Nurse who paid for patient’s rent to be struck off

George Flatt also visited the property of a former patient on a number of occasions
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A Liverpool mental health therapist is to be struck from the medical register after paying a patient’s rent and offering them access to a caravan.

George Flatt, 69, was deemed to have breached professional boundaries when he met with a female patient at her home and a pub, as well as making frequent payments to the woman. A Nursing and Midwifery Council (NMC) fitness to practise committee was told how Mr Flatt, who had operated in Liverpool as a psychotherapist, admitted a series of charges put to him, including contacting a woman known as patient A without clinical justification.

As a result, Mr Flatt is to be struck from the register in a sanction that was deemed to “adequately protect the public.”

A report from the NMC committee held last month said between 2015 and 2021, Mr Flatt had continuing contact with the woman, known as patient A, on a non-clinical basis. For a period of eight years up to 2021, the nurse gave her money, amounting to approximately £20 – £30 per week on a regular basis.

In 2017, Patient A moved house and Mr Flatt assisted by making payments of around £375 for a month’s rent upfront, £270 administration fee and £550 in the form of a deposit. He also offered to be her guarantor, dealt with the landlord on her behalf and visited the property regularly. 

The Nursing and Midwifery Council held a hearingThe Nursing and Midwifery Council held a hearing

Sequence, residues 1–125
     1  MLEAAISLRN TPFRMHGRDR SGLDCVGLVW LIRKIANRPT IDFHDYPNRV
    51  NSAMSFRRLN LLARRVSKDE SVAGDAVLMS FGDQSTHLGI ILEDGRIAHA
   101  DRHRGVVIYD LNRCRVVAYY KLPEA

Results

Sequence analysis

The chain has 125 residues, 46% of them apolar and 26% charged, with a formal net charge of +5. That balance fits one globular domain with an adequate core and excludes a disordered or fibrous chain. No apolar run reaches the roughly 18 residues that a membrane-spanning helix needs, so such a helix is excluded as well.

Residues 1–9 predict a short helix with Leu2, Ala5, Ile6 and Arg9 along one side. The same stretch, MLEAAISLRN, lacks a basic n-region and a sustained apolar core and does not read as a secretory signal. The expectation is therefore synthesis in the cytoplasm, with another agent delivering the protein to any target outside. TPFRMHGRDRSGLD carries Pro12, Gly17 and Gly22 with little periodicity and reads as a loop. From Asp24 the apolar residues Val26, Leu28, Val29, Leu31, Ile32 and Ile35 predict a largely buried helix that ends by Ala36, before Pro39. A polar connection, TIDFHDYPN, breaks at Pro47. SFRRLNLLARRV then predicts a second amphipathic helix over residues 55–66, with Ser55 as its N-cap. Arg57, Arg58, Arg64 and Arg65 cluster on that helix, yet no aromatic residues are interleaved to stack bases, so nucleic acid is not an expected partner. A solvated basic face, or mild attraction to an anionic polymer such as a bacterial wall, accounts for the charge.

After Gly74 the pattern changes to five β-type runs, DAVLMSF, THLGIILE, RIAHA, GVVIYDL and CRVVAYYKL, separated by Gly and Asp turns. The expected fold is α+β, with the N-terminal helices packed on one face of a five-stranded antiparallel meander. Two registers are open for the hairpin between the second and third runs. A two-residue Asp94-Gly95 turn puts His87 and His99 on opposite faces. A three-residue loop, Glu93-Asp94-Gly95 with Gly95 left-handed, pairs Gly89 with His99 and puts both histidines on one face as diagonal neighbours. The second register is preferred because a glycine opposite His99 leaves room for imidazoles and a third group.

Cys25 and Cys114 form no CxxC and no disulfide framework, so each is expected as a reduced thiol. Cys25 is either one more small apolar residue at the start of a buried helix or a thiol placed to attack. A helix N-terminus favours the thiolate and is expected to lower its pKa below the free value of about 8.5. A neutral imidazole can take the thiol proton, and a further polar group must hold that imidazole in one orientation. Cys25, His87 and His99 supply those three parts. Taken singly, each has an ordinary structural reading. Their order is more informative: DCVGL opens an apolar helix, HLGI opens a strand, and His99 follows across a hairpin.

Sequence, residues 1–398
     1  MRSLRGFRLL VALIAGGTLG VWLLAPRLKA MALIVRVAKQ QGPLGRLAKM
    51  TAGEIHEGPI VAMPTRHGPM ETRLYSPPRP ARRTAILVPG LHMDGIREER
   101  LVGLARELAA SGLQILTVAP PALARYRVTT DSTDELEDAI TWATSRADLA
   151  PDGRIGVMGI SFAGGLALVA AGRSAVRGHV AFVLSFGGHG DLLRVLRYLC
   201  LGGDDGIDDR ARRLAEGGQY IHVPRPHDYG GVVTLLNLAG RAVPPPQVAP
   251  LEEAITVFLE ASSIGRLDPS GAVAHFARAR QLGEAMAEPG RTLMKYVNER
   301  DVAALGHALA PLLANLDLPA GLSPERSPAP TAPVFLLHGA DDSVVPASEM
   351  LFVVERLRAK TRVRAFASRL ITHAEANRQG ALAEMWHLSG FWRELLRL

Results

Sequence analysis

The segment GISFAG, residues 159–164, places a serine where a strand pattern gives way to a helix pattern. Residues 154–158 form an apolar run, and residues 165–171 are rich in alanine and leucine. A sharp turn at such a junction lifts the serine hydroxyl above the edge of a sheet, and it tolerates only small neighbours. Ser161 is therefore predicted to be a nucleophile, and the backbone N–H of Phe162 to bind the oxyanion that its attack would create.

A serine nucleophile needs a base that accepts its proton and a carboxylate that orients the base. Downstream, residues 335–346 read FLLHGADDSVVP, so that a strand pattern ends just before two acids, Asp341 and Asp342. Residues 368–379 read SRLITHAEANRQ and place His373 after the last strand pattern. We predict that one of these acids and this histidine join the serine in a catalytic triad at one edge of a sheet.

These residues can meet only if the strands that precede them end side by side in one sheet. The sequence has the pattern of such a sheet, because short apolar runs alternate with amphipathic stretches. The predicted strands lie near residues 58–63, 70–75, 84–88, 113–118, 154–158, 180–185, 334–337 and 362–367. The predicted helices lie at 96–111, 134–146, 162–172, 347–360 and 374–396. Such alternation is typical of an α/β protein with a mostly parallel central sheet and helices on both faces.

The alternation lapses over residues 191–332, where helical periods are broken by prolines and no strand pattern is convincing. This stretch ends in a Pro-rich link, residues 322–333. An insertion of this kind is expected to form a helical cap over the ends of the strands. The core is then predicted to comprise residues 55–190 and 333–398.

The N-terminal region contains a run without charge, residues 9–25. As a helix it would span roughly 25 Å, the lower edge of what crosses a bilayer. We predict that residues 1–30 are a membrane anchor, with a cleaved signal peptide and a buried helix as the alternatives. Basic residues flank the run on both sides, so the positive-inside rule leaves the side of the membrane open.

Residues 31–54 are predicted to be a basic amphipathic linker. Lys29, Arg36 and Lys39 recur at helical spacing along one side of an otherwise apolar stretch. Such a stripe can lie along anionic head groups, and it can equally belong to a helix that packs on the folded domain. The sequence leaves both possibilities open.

The Nursing and Midwifery Council held a hearing

The NMC panel said Mr Flatt would have been aware this was a long-term commitment. The panel was of the view that this would have placed patient A under a “significant obligation” to him as the security of her home was in his control. The panel found it both unacceptable and unethical that you would act as a personal guarantor for a former patient.

It was also agreed that Mr Flatt introduced patient A to an individual known as patient B to spend time with them in a “mutually beneficial relationship as they were both lonely.” However, patient A said patient B was unpleasant to her and would request sex via text message.

Patient A reported her relationship with Mr Flatt to her social worker in 2021. 

In both 2017 and 2018, it was said Mr Flatt arranged for patient A to spend Christmas day with him and his family. 

In evidence, Mr Flatt accepted the charges put to him and his representative, Neair Maqboul said the nurse was proud of his career and had reflected on his shortcomings. Despite this, the panel has found a concerning lack of insight, and consequently a significant risk of repetition.

It has found that the misconduct may be illustrative of an attitudinal problem, and that the misconduct took place over a prolonged period of time and was not a single incident. As a result, it was deemed Mr Flatt – who indicated he intends to retire in April – must be struck off to adequately protect the public.

This will take effect if no appeal is made within 28 days of the decision.